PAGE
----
So, if the ENS truly acts as a second brain, then the GI system can affect a person’s moods and sense of wellbeing. The ENS causes this by transmitting signals to the brain through the vagus nerve. This makes sense, since people typically feel good after enjoying a meal. For example, when rich foods are digested they release fatty acids. The gut detects this, prompting the ENS to send certain signals to the brain. According to brain imaging studies, the brain then releases pleasurable sensations, altering a person’s mood. So it’s no wonder that people crave rich, fatty foods!

On the other hand, people usually eat differently when stressed. Stress can lead to the production of a GI hormone called ghrelin, which causes feelings of hunger and leads to a reduction of anxiety and depression. In experiments, mice subjected to stress sought out fatty foods, which elevated the production of ghrelin. The link between chronic stress and obesity is then a no-brainer.

The main function of the ENS is to monitor the digestion of food and identify threats in what is eaten, such as toxins or infections. So, perhaps listening to the stomach when it comes to choosing meals isn’t all bad. After all, that’s the second brain at work.

Zombies? Not Quite

By Medical Discovery News

Nov. 31, 2012

When a nude Miami man chewing on another man’s face made headlines and sparked fears of “zombie” attacks, the public became acutely aware of a designer drug with the street name “bath salts.” Authorities speculated the man was high on bath salts since similar bizarre events were reported in other cities. Toxicology reports have since shown the man only had marijuana in his system. Yet the case highlights the growth of designer drugs and the violent highs they create while skirting the law.

Bath salts’ innocuous name is meant to make them appear safe and legal. They resemble bath crystals but are synthetic drugs sold under innocent names such as “Ivory Wave,” “Purple Wave,” “Vanilla Sky,” and “Bliss,” and are widely available on the Internet, head shops and some convenience stores. To confuse the public even further, they’re also sold as glass cleaners or plant food, which again is an attempt at avoiding drug laws.

Sold in small packets, these stimulants can be smoked, swallowed, snorted, or put into a solution and injected. They’re far cheaper and easier to get than cocaine or ecstasy, yet like those, they act on the central nervous system with far less predictable effects. Since “street chemists” produce bath salts, no one knows exactly what’s in them.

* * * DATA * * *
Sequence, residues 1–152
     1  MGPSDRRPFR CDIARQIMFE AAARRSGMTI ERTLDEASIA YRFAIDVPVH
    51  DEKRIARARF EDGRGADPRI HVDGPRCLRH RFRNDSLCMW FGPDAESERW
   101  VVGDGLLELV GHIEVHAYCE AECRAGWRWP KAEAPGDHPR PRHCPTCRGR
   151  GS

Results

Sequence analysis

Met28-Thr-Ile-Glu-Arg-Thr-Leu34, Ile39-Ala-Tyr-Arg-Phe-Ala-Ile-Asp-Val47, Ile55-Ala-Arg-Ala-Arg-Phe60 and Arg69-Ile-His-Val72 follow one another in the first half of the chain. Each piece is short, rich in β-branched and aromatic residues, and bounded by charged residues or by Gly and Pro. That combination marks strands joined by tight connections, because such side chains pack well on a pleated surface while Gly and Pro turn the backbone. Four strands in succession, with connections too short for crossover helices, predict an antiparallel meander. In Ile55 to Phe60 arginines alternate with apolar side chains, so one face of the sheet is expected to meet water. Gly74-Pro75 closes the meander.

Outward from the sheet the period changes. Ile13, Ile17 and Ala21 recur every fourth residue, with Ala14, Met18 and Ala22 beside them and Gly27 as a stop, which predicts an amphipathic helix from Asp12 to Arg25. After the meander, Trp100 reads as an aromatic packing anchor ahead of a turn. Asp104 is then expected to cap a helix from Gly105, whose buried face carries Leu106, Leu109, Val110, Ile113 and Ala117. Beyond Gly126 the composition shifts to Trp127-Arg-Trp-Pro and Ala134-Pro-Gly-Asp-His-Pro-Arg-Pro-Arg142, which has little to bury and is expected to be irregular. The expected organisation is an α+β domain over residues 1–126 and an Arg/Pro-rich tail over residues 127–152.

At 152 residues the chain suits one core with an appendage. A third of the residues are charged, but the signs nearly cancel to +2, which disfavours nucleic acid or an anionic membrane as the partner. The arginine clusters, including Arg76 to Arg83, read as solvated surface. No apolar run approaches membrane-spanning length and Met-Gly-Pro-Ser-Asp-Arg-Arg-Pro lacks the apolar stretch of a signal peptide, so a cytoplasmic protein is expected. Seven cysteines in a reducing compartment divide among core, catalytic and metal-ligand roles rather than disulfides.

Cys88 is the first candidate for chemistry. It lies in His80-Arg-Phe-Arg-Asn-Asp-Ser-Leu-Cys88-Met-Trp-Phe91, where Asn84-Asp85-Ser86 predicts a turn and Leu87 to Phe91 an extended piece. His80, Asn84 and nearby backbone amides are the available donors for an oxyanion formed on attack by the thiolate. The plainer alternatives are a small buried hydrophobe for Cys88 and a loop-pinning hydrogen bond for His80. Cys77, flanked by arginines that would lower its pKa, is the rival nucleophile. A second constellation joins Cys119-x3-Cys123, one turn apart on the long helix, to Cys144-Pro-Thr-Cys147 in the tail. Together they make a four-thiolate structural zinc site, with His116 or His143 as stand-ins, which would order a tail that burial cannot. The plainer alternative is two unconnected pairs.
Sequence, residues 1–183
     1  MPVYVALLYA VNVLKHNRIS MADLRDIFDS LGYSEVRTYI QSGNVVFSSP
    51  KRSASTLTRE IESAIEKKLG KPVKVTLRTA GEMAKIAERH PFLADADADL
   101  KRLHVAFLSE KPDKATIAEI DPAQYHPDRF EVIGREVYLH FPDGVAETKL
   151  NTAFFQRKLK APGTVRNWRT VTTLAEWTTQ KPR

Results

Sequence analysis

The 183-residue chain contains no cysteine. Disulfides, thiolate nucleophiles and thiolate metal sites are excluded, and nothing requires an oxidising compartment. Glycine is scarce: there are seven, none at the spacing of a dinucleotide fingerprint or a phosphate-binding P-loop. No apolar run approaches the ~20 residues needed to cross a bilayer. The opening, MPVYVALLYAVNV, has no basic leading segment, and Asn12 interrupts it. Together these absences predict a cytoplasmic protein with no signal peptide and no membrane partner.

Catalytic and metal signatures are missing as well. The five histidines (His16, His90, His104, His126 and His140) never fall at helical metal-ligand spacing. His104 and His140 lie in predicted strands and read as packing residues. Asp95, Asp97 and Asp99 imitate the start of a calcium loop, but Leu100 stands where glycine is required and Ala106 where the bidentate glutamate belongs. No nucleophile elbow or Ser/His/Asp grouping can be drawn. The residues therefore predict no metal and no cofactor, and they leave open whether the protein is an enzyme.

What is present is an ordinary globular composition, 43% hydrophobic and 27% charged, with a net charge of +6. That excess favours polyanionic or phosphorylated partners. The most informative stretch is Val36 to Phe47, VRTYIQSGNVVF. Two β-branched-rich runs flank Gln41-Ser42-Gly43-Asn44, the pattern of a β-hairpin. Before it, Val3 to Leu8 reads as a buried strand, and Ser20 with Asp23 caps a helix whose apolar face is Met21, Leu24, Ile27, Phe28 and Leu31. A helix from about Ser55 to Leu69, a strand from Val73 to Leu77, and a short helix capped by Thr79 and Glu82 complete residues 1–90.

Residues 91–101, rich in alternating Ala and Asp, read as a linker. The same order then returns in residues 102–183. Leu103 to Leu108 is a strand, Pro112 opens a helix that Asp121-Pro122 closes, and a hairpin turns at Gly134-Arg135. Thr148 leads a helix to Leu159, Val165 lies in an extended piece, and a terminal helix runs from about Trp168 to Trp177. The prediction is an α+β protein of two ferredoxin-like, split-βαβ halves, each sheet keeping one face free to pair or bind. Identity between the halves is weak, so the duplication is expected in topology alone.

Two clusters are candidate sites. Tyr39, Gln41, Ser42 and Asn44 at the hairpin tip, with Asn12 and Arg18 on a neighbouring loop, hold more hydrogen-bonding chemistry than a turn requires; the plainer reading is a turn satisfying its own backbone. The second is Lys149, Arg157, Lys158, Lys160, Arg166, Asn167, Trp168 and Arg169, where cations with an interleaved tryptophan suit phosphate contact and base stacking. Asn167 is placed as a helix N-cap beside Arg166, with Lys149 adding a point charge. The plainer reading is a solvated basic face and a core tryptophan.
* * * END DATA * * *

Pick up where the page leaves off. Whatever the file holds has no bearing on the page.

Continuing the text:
The main compounds in bath salts are synthetic stimulants including MDPV, mephedrone, and methylone, but there are many others. These compounds are synthetic derivatives of cathinones, which are naturally found in the Catha edulis plant. The North African shrub known as khat is a hallucinogenic stimulant and illegal in the U.S. But the synthetic derivatives are far more concentrated and acutely toxic.

Bath salts affect behavior by altering levels of the neurotransmitters dopamine, norepinephrine, and serotonin. Dopamine controls movement, emotional responses, and the ability to experience pleasure and reward. Norepinephrine regulates heart rate, blood pressure, and sugar levels, and is part of the fight or flight response. Serotonin modulates mood, emotion, sleep, and appetite, and is implicated in the control of numerous behavioral and physiological functions.

Bath salts raise the concentration of these neurotransmitters in two ways. First, they block the reuptake of neurotransmitters, leaving extra dopamine, norepinephrine, and serotonin to react with other receptors instead of being stored safely inside neurons. Second, the drug stimulates the release of additional internal stores of neurotransmitters.

The results are increased heart rate and blood pressure, agitation, anxiety, hallucinations, extreme paranoia, and even full-blown psychosis. There also have been cases of suicide days after the more obvious effects of the drugs have worn off.

In October 2011, the US Drug Enforcement Agency banned three of the key ingredients used to make bath salts for at least a year, and 40 states have outlawed the drug. But producers can make small chemical adjustments in the molecules to stay ahead of the law, which challenges the legal system’s ability to crack down on drug use. The drug is mostly being made in China and imported through other countries, but that’s expected to change as dealers learn to manufacture it here in the United States.